Show Hide image

Labour to vote for Osborne's welfare cap next week

Party's decision could lead to backbench rebellion.

George Osborne's new cap on total welfare spending, which a parliamentary vote will be held on next week, is his least disguised trap for Labour yet. But at his post-Budget briefing to the lobby, Ed Balls made it clear that he won't be falling into it.  He said:

We'll vote yes on the welfare cap next week...Ed Miliband called for a welfare cap last year, in his speech in June, and we have agreed with the way in which the government has structured the welfare cap, what's in and what's out in the next parliament [Osborne's cap excludes the state pension and cyclical unemployment benefits]. We obviously have different views about the way in which we think social security policy should develop, we would rather they did more to reduce the housing benefit bill through building more affordable homes, we think there would be a wider spin-off within the welfare cap from our jobs guarantees, and also we'll abolish the bedroom tax.

In response to Conservative claims that Labour's pledge to scrap the bedroom tax is unfunded, Balls emphasised that "we've said as a backstop how we'd pay for that" (see my blog from the time of Ed Miliband's announcement for details) but noted that many housing analysts predict the measure will cost more than it saves. He ended his answer by confirming "we'll support the welfare cap next week" (Osborne has set the limit at £119bn for 2015-16 and will increase it in line with inflation from then on).

Since, as Balls said, Labour has already pledged to cap "structural welfare spending", and to reduce the benefits bill by building more homes and reducing long-term unemployment, this is not as surprising as it might appear. But the decision will sit uneasily with those MPs opposed to the principle of capping welfare (for fear that weaker-than-expected growth will force cuts to benefits for the vulnerable) and those who simply dislike the act of walking through the yes lobby with Osborne and his Tory cohorts. I would not be surprised if Miliband faces a significant backbench rebellion next week.

P.S. Balls also used his briefing to tell an amusing story about Eric Pickles, who fell asleep during the Budget. Miliband and himself motioned to Vince Cable to wake him, lest Osborne announce major cuts to local government spending, but there wasnt "enough oomph" in the Business Secretary's nudge to do so. It was only when David Cameron intervened that Pickles was finally roused.

Balls said: "Eric Pickles fell asleep for a quite an extended period of time. And Ed and I were worried because, you know, you never know whether there might have been some big cut in local government spending coming which he didn’t know about and so we just politely suggested to Vince Cable that he should wake him up. And Vince elbowed and elbowed and it didn’t seem to make any difference. So Vince was actually knocking away...although at one point after a third nudge from Vince Cable, Eric started to nod knowingly at the contents of the speech while still, with his eyes closed...Then I think, eventually, David Cameron intervened."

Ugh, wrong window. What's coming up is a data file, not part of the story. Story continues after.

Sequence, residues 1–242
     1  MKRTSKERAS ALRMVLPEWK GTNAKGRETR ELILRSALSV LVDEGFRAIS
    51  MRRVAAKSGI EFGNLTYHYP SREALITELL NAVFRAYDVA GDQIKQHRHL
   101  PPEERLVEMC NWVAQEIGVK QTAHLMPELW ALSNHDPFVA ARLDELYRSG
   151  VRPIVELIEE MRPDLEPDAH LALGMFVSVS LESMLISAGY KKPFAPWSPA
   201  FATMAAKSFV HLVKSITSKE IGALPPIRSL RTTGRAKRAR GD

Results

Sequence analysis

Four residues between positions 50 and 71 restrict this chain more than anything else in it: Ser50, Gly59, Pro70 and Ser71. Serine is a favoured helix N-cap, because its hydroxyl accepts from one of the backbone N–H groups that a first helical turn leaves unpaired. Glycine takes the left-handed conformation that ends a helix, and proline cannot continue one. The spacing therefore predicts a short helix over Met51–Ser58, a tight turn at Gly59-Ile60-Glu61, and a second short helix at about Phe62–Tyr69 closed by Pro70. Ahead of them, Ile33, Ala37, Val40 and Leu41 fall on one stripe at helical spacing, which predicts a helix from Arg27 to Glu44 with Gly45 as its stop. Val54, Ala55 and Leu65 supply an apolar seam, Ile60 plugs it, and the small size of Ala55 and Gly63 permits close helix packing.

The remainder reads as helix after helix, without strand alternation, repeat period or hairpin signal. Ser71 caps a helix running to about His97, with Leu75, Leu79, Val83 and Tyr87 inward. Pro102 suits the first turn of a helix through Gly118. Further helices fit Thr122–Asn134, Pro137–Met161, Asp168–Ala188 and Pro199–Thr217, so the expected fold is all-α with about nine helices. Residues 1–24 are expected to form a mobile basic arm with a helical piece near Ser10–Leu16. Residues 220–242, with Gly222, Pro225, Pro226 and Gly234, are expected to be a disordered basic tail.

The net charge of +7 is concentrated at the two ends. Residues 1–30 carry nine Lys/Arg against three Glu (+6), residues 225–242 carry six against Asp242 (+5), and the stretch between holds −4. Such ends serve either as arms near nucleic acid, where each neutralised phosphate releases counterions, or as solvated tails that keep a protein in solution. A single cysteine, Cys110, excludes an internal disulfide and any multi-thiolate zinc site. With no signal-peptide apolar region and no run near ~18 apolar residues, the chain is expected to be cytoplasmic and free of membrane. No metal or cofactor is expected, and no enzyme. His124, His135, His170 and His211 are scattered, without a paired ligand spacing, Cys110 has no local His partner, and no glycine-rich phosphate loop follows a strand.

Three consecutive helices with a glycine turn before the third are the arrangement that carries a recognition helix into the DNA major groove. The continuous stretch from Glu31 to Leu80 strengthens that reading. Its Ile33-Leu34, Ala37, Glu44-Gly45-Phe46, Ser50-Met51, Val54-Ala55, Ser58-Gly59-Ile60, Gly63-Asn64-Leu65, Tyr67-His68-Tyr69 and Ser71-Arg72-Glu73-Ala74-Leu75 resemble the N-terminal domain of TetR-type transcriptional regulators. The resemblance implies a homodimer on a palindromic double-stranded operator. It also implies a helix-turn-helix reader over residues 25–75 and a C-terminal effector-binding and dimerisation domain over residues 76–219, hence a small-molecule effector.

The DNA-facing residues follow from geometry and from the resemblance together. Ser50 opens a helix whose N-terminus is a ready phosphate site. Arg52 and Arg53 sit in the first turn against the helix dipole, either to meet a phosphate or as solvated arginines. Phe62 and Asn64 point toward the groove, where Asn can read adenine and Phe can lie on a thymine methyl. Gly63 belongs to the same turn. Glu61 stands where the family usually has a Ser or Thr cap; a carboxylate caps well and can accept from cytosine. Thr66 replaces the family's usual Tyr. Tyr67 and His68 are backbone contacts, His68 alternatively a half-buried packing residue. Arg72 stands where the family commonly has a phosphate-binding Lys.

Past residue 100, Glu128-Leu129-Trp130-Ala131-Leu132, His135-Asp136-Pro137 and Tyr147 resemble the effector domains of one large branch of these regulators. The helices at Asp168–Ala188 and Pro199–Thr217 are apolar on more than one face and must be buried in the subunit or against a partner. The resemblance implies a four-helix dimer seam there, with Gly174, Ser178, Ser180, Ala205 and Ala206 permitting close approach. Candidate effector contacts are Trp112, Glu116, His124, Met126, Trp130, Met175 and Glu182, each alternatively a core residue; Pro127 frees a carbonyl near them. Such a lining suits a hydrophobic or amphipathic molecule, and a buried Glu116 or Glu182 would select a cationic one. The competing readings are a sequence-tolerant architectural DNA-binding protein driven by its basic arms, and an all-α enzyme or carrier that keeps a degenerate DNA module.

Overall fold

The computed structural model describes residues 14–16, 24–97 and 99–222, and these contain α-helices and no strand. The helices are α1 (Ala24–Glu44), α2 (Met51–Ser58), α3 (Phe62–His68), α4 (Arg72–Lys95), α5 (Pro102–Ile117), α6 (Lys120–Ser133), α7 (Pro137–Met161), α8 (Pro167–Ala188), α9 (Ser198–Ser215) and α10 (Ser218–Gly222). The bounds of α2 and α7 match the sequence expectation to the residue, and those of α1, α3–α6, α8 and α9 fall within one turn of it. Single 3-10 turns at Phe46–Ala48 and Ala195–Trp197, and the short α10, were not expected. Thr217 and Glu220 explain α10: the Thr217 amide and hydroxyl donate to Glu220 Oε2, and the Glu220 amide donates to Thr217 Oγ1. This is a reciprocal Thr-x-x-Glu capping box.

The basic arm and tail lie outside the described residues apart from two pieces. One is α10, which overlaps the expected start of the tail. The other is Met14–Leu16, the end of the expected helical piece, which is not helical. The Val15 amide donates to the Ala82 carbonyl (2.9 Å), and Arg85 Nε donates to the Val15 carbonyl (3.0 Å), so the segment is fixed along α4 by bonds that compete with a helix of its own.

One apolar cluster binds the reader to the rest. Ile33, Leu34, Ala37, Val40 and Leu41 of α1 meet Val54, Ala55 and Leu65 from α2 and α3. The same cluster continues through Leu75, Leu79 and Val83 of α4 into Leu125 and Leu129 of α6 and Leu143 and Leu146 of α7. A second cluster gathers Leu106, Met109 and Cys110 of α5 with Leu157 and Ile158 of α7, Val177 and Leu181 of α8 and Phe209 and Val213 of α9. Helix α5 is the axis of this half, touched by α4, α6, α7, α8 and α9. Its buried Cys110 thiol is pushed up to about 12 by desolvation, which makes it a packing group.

George Eaton is political editor of the New Statesman.

Getty
Show Hide image

Benn vs McDonnell: how Brexit has exposed the fight over Labour's party machine

In the wake of Brexit, should Labour MPs listen more closely to voters, or their own party members?

Two Labour MPs on primetime TV. Two prominent politicians ruling themselves out of a Labour leadership contest. But that was as far as the similarity went.

Hilary Benn was speaking hours after he resigned - or was sacked - from the Shadow Cabinet. He described Jeremy Corbyn as a "good and decent man" but not a leader.

Framing his overnight removal as a matter of conscience, Benn told the BBC's Andrew Marr: "I no longer have confidence in him [Corbyn] and I think the right thing to do would be for him to take that decision."

In Benn's view, diehard leftie pin ups do not go down well in the real world, or on the ballot papers of middle England. 

But while Benn may be drawing on a New Labour truism, this in turn rests on the assumption that voters matter more than the party members when it comes to winning elections.

That assumption was contested moments later by Shadow Chancellor John McDonnell.

Dismissive of the personal appeal of Shadow Cabinet ministers - "we can replace them" - McDonnell's message was that Labour under Corbyn had rejuvenated its electoral machine.

Pointing to success in by-elections and the London mayoral election, McDonnell warned would-be rebels: "Who is sovereign in our party? The people who are soverign are the party members. 

"I'm saying respect the party members. And in that way we can hold together and win the next election."

Indeed, nearly a year on from Corbyn's surprise election to the Labour leadership, it is worth remembering he captured nearly 60% of the 400,000 votes cast. Momentum, the grassroots organisation formed in the wake of his success, now has more than 50 branches around the country.

Come the next election, it will be these grassroots members who will knock on doors, hand out leaflets and perhaps even threaten to deselect MPs.

The question for wavering Labour MPs will be whether what they trust more - their own connection with voters, or this potentially unbiddable party machine.